Meanwhile, at his Bell Labs job, he was a complete workaholic. “I was on a high,” he recalls. He pushed hard for the users of his tools, making sure things worked right. He fought against design shortcuts that would compromise manufacturing. His philosophy was, “You design once, but you build a thousand times,” and it was folly for manufacturing to suffer a thousand times for the sake of a one-time design savings.
He got involved in things that no engineer today would become involved in (or would be allowed to become involved in). The wire-wrap boards were mounted in chassis and these were wired together using cables, and, absent some persistent, reliable way of telling which wire was which, you would have to “buzz” out each line to make sure it was right, a terribly inefficient process.
So he wanted to put long-lasting labels on the wires that would establish the “from” and “to” locations. He found Band-Aid like tape from 3M and designed a label. He asked 3M to make a die to cut the label, and they did. Meanwhile, they found a material that would last, that would resist the dirt and grime inherent in the installation process, and yet would accept ink.
Then, in North Carolina, he was in a cigarette manufacturing plant, and he noticed one of the rolling machines and how it worked. He went back and designed a special chuck that could be attached to the wire-wrap tools to affix the labels to the cables.
It’s hard to imagine today’s electrical engineers going so far afield to solve such wide-ranging problems associated with a system. But, in retrospect, it seems not much more than a simple “see a problem and fix it” way of doing things.
He brought that attitude to the Telephone Pioneers, a volunteer service group he was part of. Inspired by an athletic blind man he met in Boulder, he developed baseballs for the blind, blind skiing, blind bowling, and blind hiking. He drew the line at blind boxing.
Burning the candle at both ends
So now Pat was doing his job at Bell Labs, he was overseeing DoD CAD use, he was organizing the SHARE/DAC conferences, and he had his Telephone Pioneers work. He saw his family very little; he would return to work after dinner, working perhaps until 2 or 3 in the morning. He’d get four hours of sleep a night. It was becoming a strain.
At the same time, DAC was steadily growing. Everyone had been volunteering, and Bell Labs had willingly footed the bill for a lot of the administration, mailings, and other costs. Other companies were helping out too, but eventually this started to wear, and companies started pulling back. If DAC was to continue, something had to change. It was time to take it professional.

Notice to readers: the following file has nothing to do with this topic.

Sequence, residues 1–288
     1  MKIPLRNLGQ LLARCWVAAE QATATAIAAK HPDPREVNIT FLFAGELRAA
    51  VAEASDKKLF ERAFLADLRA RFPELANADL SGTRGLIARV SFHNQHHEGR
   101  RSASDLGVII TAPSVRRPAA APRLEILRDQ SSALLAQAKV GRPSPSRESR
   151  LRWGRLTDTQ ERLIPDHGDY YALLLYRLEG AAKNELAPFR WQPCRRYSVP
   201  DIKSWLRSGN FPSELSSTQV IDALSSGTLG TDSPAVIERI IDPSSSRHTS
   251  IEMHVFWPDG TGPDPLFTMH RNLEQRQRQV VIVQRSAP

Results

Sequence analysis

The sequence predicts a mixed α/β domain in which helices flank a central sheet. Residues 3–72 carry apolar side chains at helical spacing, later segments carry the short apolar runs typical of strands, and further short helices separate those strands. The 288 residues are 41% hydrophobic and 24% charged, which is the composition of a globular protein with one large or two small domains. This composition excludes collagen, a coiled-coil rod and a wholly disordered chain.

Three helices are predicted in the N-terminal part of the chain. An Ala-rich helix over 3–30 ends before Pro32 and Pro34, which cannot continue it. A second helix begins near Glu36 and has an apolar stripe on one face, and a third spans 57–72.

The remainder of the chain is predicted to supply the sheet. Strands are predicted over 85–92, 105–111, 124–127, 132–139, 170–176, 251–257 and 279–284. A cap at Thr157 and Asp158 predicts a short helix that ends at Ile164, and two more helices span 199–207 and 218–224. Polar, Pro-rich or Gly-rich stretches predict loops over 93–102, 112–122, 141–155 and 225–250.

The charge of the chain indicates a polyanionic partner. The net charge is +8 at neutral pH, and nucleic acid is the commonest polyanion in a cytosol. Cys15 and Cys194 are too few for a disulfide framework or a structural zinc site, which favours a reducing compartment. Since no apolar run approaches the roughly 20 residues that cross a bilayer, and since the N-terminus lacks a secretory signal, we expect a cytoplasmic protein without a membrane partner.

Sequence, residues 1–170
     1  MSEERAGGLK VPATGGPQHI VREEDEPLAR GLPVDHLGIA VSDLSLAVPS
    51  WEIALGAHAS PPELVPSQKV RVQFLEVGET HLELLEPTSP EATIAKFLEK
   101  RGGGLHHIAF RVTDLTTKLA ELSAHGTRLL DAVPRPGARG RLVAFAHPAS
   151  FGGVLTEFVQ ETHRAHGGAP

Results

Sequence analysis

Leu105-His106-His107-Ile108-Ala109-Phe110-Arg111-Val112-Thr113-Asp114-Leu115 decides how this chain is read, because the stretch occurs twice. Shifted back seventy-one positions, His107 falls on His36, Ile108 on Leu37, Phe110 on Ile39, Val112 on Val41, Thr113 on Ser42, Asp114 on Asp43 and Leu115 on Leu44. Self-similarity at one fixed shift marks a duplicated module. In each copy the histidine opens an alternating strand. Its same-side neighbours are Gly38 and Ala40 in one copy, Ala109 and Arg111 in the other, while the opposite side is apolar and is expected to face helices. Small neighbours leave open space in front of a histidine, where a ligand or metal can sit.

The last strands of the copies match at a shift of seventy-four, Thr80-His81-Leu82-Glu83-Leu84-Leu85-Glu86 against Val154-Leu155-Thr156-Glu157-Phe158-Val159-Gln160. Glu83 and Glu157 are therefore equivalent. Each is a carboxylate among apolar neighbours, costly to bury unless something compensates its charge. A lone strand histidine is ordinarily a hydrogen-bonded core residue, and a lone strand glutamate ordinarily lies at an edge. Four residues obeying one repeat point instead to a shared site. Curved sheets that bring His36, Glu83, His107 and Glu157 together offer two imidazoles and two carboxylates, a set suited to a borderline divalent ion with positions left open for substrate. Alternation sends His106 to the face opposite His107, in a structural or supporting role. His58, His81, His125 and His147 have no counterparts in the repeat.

So Pat wrote an RFQ for IEEE for full-time management of the convention. Meanwhile, Marie thought that, as a business team, he and she should also bid on the job. Pat was a bit concerned that there was an ethical problem there, a conflict of interest. But, in the end, Marie prevailed, they submitted the bid, and they won. They formed MP Associates and took DAC forwards.
Pat credits Marie with driving the exhibits and revolutionizing how that was done, but it’s also clear that managing DAC was no simple administrative job for Pat. He brought his usual problem-solving approach and revolutionized the registration process – he claims that no one else has anything like it. Whereas attendees were once lined up out the door waiting to get badged, he says that it now takes only seconds.
He describes a booth allocation process that uses – as you might guess – a place-and-route algorithm in real time; the companies waiting to make their booth selections can watch a screen with an up-to-date floorplan so that, when they go in for their turn, they know exactly what’s available up to the moment.
They did such a good job that the International Microwave Symposium (IMS) hired them on as well; it is now as large as DAC.
Looking back, Pat’s problem-solving propensity runs alongside a passion for automation. We take automation for granted today, but it was not always so. As with the Luddites during the Industrial Revolution, there was a fear that automation would eliminate jobs.
During the 1965 SHARE workshop, two keynote speeches were prepared. The first was given by Edmund Berkeley, and he more or less told the audience that what they were doing was killing jobs. The second speaker, August Bolino, having heard the first talk, told the audience to look for his prepared remarks in the proceedings; he was trashing his notes to answer what he thought was the ridiculous proposition he had just heard.
As an example of the nature of the dispute, the wiring machine that Pat had helped to build had to be surrounded by chain link and barbed wire so that no one from the union would come sabotage it at night.
But Pat stands by the belief that automation hasn’t eliminated jobs; it simply moves them elsewhere. By the time he left Bell Labs, the CAD department had 200 people in it. Of course, today’s complex systems would be completely unimaginable without automation, but those tools would be nowhere without the efforts taken when it wasn’t so obvious whether this was good for jobs.
The other thing Pat is passionate about is Bell Labs. He clearly has very fond memories and great admiration for what that company stood for. They believed in quality, they believed in doing it right. You could drop a phone from the 7th floor back then, and it would still work. It’s just that Bell Labs was a regulated monopoly, guaranteed their 10%, and they weren’t prepared for, and couldn’t survive, the bruising that competition would bring.
Looked at through the events Pat highlighted in our conversation, it’s easy to conclude that Pat brought his can-do sensibility to each phase of his career. He brought it to Bell Labs, he brought it to the Telephone Pioneers, and he brought it to DAC. And, as if results weren’t enough, it earned him the Kaufman Award, which he received on October 12th.
Think of it as a New York thing: it’s simple. If it ain’t working, then go fix it. What’s so hard about that?